Having just posted it on my other blog ‘Relevant Complexity‘, something about it felt to me like it deserved its place here too. Perhaps because the “Ode” brought joy to my day and lit up my week.
As I find my bearings in the ‘classical repertoire‘, there can be few finer guides than Canada’s National Art Centre’s Marjolaine Fournier and Jean-Jacques van Vlasselaer’s “Explore the symphony” podcasts.
I stumbled upon this fabulous couple searching for the background to Prokofiev’s ‘Alexander Nevsky’; and in the process fell a little in love with Canada.
A country that has the imagination and culture to support, bring together and promote the French Canadian double bassist Fournier and the richly accented scholarship of van Vlasselaer, is a very fine country indeed.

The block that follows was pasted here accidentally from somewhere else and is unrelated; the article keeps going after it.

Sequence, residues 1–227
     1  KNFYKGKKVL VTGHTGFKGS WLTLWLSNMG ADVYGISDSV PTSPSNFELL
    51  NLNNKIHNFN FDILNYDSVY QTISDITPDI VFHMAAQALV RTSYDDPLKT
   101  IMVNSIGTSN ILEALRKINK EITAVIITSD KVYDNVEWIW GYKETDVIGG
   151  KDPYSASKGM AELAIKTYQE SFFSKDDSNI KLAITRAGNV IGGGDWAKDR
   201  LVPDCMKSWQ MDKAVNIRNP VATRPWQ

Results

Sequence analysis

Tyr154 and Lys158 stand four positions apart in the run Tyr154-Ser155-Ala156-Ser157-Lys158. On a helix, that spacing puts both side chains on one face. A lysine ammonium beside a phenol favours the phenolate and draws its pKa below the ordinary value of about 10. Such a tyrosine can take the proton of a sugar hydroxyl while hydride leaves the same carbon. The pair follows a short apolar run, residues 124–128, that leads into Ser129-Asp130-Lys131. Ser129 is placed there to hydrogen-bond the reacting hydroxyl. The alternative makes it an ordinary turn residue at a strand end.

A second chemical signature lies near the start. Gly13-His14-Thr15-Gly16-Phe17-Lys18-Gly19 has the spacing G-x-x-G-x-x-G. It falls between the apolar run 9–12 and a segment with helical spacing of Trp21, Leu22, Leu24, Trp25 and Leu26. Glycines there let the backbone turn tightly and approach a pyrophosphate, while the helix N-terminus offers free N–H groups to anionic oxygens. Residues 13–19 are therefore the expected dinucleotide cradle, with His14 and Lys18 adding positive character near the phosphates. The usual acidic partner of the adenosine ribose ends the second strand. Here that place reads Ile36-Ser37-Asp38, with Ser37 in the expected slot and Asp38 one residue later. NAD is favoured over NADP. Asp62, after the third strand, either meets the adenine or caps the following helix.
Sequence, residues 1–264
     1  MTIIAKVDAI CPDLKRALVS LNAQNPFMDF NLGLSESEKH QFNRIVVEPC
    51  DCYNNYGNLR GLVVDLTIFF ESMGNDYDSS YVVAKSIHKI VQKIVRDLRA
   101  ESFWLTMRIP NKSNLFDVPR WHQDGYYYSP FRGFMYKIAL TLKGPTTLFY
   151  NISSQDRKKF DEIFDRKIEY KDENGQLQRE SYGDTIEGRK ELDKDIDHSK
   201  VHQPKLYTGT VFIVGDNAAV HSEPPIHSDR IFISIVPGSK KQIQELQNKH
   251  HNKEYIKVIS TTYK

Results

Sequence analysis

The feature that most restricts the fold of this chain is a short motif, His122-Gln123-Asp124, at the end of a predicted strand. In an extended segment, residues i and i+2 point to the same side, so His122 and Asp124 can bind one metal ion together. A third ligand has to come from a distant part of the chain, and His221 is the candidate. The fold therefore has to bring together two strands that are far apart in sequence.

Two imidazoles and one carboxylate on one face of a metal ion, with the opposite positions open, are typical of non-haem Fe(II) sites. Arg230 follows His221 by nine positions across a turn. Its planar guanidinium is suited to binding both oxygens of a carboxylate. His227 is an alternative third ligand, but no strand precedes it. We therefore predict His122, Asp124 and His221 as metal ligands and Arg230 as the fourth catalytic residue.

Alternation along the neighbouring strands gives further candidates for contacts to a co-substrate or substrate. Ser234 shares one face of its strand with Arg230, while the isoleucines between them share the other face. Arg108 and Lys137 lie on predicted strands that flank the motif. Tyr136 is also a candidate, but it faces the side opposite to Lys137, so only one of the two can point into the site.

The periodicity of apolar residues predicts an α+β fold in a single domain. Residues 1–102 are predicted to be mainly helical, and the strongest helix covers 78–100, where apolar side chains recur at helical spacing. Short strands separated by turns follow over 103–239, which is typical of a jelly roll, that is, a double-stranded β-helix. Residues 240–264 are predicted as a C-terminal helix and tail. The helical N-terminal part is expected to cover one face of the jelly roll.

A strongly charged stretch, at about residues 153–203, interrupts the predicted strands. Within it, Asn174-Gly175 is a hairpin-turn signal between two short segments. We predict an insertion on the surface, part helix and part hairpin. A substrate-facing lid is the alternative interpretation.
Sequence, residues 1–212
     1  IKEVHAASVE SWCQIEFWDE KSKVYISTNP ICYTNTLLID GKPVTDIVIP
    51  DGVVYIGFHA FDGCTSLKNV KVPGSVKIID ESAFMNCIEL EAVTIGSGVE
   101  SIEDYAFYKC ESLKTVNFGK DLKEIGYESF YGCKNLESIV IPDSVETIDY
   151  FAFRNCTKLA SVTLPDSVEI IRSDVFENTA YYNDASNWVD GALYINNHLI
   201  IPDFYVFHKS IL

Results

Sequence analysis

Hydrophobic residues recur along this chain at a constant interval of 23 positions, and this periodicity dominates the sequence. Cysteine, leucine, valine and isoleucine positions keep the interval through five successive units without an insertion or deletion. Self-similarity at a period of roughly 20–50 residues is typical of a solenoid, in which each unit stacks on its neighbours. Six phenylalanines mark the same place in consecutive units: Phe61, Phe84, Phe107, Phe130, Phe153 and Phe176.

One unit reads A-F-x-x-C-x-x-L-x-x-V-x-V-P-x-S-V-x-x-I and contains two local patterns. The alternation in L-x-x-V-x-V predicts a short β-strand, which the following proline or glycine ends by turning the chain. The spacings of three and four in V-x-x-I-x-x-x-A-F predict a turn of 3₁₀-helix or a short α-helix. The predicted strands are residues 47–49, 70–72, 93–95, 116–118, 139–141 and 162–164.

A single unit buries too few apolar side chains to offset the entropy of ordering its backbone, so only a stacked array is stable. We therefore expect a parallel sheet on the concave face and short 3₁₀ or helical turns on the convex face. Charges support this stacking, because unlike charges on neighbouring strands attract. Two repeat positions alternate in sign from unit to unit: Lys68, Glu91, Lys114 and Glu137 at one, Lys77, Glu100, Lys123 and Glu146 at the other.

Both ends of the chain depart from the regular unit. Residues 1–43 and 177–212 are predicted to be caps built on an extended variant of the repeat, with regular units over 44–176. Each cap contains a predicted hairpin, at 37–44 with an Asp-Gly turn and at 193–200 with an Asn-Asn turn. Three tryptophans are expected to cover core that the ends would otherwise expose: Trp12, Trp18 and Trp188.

And their podcast on Beethoven’s 9th Symphony reminds me what a fine continent Europe is too…
The 9th is Beethoven’s masterwork, and its “Ode to joy” is instantly familiar. But I was fascinated by van Vlasselaer’s story of who Beethoven was; and where he fits at the crossroads of the Enlightenment and the Industrial Revolution, bridging the Classical and Romantic periods. Beethoven with the “Ode” celebrates liberté, egalité and fraternité, at the dawn of artists as Artists – no longer paid retainers of aristocracy.
But what matters most is the music. As van Vlasselaer points out, a ‘masterwork’ is a masterwork, because for any age and any generation it is a source of wonder. We may all recognise, Beethoven’s 9th, but everyone should stop, marvel and listen to it again from time to time.
‘Ode to joy’ is also the anthem of the European Union – and was itself a direct product of the complex, interconnected peoples, borders, histories, ideals and culture which are ‘Europe’.
For all the challenges it faces in the 21st Century – and the bloody, brooding history it endured in the 20th – ‘Ode to joy’ reminds us of what Europe is; and can be, at its very best.